Or "The enemies of Success"
Dear Mr. President,
Today I prepared the books that will be released tomorrow morning for their displays. One of them (which actually comes out today) is Mark Halperin and John Heilemann's Game Change. I am unspeakably giddy about reading this book (though it will have to come after Dreams From My Father and The Audacity of Hope) as the 2008 election is one I would happily relive. Sadly, the other book that caught my attention is called, (with a truly admirable amount of subtlety and nuance) The War on Success. Maybe I'm being judgmental, maybe I should look past the bullet holes on the cover, the Conservative Book Club recommendation, and the quote on the back that actually suggests any reader not inspired by the books "has already surrendered to the enemies of success." I won't lie, I'm probably not going to look past those things. According to the subtitle, you, Mr. President, are an "enemy of success", and I wonder how you feel about that. Surely, you've been called more ridiculous and more insulting things, but is there really a significant portion of the population who believes that their president doesn't want them, his citizens and constituents, not to succeed? Significant enough to convince some one to write a book about it, and a number of others to agree to publish it?
The world is a mind-boggling place, sometimes. Working in a bookstore, I encounter a wide spectrum of readers, and while I often find myself puzzling over those buying books by Glenn Beck or Robert Spencer, I suppose that there is a place for every kind of book. Today I had a woman angrily return a book I'd suggested she read. It was The Iron Cage by Rashid Khalidi. She is traveling to Israel soon, and was looking for "a more balanced" perspective on the conflict with Palestine than what she knew from her "crazy orthodox" relatives. I don't know this woman well enough to know what balanced means to her, but she seemed interested in hearing from a Palestinian perspective, and so I suggested Mr. Khalidi's book, as I respect him as an intellectual. I warned her that I was quite strongly in support of a free Palestine, and that Khalidi was considered, by some, to be quite radical in his opinions. I also encouraged her to visit the West Bank on her trip, as I feel first-hand experience will offer the most "balanced" idea of what it is like to live in Palestine. I didn't get a chance to ask her what about the book made her so angry, but I try to keep my political views away from my conduct at work. (I confess, when Vice President Cheney used to come into my store in DC, I would excuse myself from the sales floor to avoid an encounter. Some jobs aren't worth keeping silent.)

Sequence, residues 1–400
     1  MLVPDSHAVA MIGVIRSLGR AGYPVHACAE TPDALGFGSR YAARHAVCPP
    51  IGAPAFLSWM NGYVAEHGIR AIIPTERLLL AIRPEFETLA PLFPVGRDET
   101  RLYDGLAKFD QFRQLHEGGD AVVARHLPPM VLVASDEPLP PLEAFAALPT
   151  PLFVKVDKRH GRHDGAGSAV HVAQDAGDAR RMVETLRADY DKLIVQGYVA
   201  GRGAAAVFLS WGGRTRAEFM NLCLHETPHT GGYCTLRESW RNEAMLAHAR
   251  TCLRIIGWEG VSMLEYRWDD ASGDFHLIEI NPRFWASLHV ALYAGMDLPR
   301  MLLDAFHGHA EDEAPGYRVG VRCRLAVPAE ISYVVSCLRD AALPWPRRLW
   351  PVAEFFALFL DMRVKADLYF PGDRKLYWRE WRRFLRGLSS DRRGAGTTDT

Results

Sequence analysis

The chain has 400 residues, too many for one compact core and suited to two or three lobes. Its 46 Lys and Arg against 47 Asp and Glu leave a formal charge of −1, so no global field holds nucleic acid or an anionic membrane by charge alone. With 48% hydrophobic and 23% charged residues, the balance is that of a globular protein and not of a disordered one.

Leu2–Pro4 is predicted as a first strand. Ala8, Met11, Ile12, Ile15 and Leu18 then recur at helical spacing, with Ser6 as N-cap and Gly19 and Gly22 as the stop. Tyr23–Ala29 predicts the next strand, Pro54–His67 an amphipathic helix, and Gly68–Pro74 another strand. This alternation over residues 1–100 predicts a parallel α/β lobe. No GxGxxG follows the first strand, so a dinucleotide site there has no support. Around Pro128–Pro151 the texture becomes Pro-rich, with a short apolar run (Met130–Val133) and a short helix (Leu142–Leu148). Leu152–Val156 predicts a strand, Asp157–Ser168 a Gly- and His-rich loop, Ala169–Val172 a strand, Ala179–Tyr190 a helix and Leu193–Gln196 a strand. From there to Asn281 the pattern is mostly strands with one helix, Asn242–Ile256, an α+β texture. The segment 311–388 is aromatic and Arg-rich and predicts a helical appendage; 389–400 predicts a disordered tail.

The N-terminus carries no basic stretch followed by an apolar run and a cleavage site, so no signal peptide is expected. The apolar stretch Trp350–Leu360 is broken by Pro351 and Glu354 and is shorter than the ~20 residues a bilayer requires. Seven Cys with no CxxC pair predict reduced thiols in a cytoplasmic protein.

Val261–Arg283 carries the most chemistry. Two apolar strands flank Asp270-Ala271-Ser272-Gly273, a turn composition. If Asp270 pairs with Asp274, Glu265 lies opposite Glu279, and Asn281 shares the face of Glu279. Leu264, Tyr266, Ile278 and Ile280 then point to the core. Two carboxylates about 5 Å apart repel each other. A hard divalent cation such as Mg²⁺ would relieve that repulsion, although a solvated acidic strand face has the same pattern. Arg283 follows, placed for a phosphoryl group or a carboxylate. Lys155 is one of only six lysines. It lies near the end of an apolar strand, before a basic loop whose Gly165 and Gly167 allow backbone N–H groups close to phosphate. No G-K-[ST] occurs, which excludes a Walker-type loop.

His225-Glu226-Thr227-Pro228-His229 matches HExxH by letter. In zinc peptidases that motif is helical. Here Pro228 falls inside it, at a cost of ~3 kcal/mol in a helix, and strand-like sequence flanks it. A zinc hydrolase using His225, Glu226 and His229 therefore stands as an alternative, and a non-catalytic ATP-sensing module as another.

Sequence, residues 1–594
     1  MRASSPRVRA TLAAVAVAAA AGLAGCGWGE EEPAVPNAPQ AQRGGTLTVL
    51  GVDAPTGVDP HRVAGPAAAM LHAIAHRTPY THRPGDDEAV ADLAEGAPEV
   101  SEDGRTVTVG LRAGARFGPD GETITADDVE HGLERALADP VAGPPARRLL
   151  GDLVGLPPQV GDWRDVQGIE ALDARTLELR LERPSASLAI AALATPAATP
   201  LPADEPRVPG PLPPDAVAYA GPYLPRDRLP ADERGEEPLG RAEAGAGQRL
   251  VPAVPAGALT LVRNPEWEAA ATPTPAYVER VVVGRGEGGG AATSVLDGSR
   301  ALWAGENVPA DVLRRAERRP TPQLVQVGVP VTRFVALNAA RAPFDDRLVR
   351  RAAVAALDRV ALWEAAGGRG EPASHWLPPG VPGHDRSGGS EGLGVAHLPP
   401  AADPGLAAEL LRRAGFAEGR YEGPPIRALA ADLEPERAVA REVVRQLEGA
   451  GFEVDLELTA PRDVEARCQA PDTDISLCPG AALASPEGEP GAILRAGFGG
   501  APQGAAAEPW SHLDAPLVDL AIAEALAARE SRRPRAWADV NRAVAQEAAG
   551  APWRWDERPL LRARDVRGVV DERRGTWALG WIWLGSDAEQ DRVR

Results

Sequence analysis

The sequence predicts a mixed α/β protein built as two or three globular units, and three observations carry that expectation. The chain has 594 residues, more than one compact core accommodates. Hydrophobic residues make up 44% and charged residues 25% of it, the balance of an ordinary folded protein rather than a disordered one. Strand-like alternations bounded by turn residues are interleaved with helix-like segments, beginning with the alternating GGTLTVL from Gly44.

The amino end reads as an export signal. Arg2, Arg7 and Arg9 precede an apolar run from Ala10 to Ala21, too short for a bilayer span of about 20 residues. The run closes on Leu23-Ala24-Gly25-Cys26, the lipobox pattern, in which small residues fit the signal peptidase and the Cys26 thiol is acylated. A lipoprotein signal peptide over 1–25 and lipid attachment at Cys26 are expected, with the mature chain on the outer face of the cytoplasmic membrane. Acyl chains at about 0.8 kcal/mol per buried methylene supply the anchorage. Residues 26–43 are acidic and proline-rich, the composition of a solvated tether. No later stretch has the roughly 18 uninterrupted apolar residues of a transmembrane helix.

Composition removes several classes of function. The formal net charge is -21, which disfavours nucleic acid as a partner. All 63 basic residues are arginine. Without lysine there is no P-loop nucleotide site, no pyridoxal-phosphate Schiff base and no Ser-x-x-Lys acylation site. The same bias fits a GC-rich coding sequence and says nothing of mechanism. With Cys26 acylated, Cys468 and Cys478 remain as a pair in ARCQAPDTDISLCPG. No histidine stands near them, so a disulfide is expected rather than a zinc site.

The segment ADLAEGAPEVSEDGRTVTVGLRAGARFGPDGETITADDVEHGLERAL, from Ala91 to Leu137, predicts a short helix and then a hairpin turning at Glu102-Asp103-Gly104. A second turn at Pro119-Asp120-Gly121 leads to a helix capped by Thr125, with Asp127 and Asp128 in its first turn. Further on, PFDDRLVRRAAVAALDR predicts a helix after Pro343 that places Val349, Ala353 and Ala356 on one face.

When I logged on my laptop during my lunch break, however, I saw something that may explain the woman's anger. Cnn.com's headline is "Sources: Israeli shelling kills three in Gaza". This headline runs beneath a photo of armed men in ski masks, the black bands of Islamic Jihad around their foreheads. On December 26, three men were killed in Nablus. Their story did not make headline news on CNN. The photos of these men, and their mourning families, can be found (along with their names) here, in a story by Bridget Chappell. If these men had been militants, it is presumed, they might have made the front page at CNN.com. All 6 were killed by the IDF, all 6 were people with names and families. Why is it that the only image most of America will see is of faceless figures carrying automatic weapons? In the mainstream American media, Palestinians are rarely depicted as anything besides terrorists or statistics. That, I must conclude, is why my customer was so angry that I would dare suggest she read something written by one.
Clearly, I'm just as much of a hypocrite. I may actually have to give The War On Success a chance, now.